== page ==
Techamuanvivit took over the kitchen of Nahm this summer. The restaurant’s previous chef-owner, the Australian cook David Thompson, was known for the sprawling collection of Thai funeral books he used to model his menu after—the same books that inspired Alan Davidson three decades ago. Techamuanvivit, who splits her time between Thailand and California, tells me she finds the funeral books alluring as well: Whenever she visits Bangkok, she makes her way to the city’s bustling Chatuchak Market, browsing stalls full of old cookbooks brimming with recipes for curries, salads, and relishes. The books vary in style and size, depending on the affluence of the family whence they came. Some are bundles of uninterrupted text; others, she says, have an aura of modern cookbooks, their pages full of photographs.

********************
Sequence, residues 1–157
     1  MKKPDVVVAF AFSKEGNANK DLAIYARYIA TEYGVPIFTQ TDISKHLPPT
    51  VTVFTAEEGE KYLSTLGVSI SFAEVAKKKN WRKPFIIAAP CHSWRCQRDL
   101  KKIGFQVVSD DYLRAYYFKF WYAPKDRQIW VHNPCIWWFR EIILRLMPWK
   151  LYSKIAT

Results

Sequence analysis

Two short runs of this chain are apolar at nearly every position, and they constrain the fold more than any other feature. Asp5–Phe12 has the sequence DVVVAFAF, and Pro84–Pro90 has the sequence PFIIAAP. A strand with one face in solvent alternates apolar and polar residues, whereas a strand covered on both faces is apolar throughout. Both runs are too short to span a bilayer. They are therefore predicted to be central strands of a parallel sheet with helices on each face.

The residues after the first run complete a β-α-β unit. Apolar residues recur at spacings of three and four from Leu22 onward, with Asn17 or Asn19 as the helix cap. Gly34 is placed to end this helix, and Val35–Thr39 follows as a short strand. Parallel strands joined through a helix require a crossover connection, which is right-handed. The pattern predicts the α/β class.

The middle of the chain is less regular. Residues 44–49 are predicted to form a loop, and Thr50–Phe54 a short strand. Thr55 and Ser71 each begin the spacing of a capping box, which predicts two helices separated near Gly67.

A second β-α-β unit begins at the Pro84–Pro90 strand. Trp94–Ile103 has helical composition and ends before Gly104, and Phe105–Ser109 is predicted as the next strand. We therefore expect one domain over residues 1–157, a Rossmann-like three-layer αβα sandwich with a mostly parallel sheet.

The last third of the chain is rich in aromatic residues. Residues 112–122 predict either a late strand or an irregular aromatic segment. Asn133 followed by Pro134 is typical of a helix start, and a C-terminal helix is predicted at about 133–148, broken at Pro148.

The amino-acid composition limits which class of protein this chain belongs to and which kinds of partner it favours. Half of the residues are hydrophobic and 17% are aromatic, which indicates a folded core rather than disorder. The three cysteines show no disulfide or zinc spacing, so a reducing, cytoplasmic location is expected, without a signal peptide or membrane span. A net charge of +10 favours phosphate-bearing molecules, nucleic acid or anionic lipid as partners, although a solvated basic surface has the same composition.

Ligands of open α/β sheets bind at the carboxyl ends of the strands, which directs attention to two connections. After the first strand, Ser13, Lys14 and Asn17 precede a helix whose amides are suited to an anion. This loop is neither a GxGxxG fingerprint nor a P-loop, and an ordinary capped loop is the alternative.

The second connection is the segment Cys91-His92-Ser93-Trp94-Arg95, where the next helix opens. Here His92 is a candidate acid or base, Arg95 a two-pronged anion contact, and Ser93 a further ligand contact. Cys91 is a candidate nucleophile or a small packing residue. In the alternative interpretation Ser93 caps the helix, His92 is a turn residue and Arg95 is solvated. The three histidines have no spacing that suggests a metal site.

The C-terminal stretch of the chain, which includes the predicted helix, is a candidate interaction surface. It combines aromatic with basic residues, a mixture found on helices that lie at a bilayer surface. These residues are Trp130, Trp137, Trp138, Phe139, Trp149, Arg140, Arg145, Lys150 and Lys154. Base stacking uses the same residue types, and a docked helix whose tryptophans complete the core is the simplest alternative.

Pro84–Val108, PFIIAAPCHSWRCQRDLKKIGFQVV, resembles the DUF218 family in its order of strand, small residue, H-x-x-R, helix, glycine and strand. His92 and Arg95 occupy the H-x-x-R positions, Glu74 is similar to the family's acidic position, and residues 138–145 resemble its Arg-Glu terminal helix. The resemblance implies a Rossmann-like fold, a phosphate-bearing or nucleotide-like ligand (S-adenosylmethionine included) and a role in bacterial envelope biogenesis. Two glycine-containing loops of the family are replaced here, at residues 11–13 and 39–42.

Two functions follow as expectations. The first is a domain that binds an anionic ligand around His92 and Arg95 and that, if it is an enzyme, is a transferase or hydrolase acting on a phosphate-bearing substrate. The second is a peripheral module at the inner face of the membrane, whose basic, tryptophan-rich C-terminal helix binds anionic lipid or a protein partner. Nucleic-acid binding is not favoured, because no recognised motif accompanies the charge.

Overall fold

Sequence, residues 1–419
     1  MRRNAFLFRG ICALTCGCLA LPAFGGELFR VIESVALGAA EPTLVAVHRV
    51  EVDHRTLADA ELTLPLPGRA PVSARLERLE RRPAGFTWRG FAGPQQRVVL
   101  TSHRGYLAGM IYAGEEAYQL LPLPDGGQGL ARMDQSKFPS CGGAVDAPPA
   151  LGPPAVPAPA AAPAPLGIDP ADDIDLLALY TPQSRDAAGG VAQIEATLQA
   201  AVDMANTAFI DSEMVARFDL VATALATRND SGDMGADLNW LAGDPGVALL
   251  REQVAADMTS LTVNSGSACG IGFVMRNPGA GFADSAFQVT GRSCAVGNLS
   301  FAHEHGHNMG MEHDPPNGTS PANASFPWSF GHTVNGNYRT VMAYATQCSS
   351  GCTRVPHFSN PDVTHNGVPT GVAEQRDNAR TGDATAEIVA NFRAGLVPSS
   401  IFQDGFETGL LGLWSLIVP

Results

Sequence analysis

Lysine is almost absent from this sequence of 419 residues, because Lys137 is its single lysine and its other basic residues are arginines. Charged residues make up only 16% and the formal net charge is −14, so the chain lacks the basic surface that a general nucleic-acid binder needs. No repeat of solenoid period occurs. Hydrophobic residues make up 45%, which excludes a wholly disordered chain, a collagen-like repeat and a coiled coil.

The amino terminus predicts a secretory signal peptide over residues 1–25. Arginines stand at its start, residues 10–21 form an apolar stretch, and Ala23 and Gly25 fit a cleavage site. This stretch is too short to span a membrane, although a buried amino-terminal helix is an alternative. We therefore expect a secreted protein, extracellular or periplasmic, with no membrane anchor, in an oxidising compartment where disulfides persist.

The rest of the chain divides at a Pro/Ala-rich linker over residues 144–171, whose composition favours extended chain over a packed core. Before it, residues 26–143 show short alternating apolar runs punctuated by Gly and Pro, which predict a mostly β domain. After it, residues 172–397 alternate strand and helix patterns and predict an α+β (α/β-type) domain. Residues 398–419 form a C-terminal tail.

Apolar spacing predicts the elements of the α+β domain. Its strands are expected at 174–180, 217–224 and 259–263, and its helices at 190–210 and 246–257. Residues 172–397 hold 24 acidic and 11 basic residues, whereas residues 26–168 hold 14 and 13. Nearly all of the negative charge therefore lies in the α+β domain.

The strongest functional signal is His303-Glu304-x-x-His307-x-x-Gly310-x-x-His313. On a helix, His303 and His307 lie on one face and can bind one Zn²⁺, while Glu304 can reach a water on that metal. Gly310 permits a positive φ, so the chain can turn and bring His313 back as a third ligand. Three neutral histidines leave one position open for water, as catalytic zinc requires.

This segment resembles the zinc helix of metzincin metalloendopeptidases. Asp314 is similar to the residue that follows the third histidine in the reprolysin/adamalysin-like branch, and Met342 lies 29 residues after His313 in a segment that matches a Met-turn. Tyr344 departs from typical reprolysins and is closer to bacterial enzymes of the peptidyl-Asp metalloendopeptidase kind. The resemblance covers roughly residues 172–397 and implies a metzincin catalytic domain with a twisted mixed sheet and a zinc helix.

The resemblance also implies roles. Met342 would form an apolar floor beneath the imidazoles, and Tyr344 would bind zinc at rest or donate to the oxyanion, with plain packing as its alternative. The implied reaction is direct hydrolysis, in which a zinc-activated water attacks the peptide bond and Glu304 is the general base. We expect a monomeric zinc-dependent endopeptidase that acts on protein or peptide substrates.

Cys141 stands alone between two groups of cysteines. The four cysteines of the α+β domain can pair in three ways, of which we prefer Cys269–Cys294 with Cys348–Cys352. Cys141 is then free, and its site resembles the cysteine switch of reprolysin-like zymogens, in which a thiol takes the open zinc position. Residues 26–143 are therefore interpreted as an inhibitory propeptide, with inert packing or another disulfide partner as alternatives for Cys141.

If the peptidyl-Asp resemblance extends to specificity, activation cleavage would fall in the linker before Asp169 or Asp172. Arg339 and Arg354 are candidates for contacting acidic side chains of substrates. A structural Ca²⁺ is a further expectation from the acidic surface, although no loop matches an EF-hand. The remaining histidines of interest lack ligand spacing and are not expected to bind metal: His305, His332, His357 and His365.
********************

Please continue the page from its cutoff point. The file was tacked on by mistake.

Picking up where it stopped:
Not all the recipes in the funeral cookbooks are clearly delineated. Older ones don’t always contain measurements, and the directions are usually unclear for novices—they might ask for, say, a pinch of galangal. “A lot of those old recipes come from funeral books,” Techamuanvivit says of the Thai recipes from generations preceding hers for different curries and relishes. “There weren’t a lot of cookbooks published, and a lot of recipes were also not written down.” These recipes traveled from one generation to the next, person to person.
Though it may sound morbid, I’ve begun to think about what my own funeral will look like when the time comes, perhaps because my father’s death has made me more cognizant of my own mortality. More and more, I find myself drawn to Davidson’s words about how he imagined his funeral would play out. “If one is to issue some sort of posthumous message, avoiding anything egotistical or hortatory, is not a simple message about enjoyable food the best that could be devised?” he asked. “It is true that one could equally well compose a list of ‘books I have enjoyed,’ but that might seem didactic, even patronising.”